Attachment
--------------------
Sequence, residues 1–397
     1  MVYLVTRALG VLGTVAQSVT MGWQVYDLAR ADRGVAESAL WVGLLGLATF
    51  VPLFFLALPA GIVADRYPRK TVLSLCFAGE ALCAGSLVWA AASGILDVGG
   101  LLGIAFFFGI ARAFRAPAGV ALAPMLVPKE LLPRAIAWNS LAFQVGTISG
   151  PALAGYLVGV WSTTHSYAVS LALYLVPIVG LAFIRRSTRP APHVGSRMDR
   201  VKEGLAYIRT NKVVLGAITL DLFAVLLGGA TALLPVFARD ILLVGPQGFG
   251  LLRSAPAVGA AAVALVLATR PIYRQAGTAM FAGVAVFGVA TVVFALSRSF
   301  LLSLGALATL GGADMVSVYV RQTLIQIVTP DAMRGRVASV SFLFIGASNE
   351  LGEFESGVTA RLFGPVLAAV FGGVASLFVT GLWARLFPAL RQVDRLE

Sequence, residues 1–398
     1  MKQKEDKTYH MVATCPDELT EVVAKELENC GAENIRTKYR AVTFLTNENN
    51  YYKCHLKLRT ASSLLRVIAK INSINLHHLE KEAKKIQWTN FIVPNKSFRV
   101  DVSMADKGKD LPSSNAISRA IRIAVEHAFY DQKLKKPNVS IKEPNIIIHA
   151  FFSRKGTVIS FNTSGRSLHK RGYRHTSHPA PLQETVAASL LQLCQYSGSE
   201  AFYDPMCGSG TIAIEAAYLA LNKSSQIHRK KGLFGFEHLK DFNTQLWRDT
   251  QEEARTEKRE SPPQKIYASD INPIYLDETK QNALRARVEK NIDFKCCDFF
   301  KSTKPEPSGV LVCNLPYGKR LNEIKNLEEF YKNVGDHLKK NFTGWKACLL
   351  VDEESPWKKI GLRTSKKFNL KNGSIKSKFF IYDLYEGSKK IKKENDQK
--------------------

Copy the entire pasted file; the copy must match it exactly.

Sequence, residues 1–397
     1  MVYLVTRALG VLGTVAQSVT MGWQVYDLAR ADRGVAESAL WVGLLGLATF
    51  VPLFFLALPA GIVADRYPRK TVLSLCFAGE ALCAGSLVWA AASGILDVGG
   101  LLGIAFFFGI ARAFRAPAGV ALAPMLVPKE LLPRAIAWNS LAFQVGTISG
   151  PALAGYLVGV WSTTHSYAVS LALYLVPIVG LAFIRRSTRP APHVGSRMDR
   201  VKEGLAYIRT NKVVLGAITL DLFAVLLGGA TALLPVFARD ILLVGPQGFG
   251  LLRSAPAVGA AAVALVLATR PIYRQAGTAM FAGVAVFGVA TVVFALSRSF
   301  LLSLGALATL GGADMVSVYV RQTLIQIVTP DAMRGRVASV SFLFIGASNE
   351  LGEFESGVTA RLFGPVLAAV FGGVASLFVT GLWARLFPAL RQVDRLE

Sequence, residues 1–398
     1  MKQKEDKTYH MVATCPDELT EVVAKELENC GAENIRTKYR AVTFLTNENN
    51  YYKCHLKLRT ASSLLRVIAK INSINLHHLE KEAKKIQWTN FIVPNKSFRV
   101  DVSMADKGKD LPSSNAISRA IRIAVEHAFY DQKLKKPNVS IKEPNIIIHA
   151  FFSRKGTVIS FNTSGRSLHK RGYRHTSHPA PLQETVAASL LQLCQYSGSE
   201  AFYDPMCGSG TIAIEAAYLA LNKSSQIHRK KGLFGFEHLK DFNTQLWRDT
   251  QEEARTEKRE SPPQKIYASD INPIYLDETK QNALRARVEK NIDFKCCDFF
   301  KSTKPEPSGV LVCNLPYGKR LNEIKNLEEF YKNVGDHLKK NFTGWKACLL
   351  VDEESPWKKI GLRTSKKFNL KNGSIKSKFF IYDLYEGSKK IKKENDQK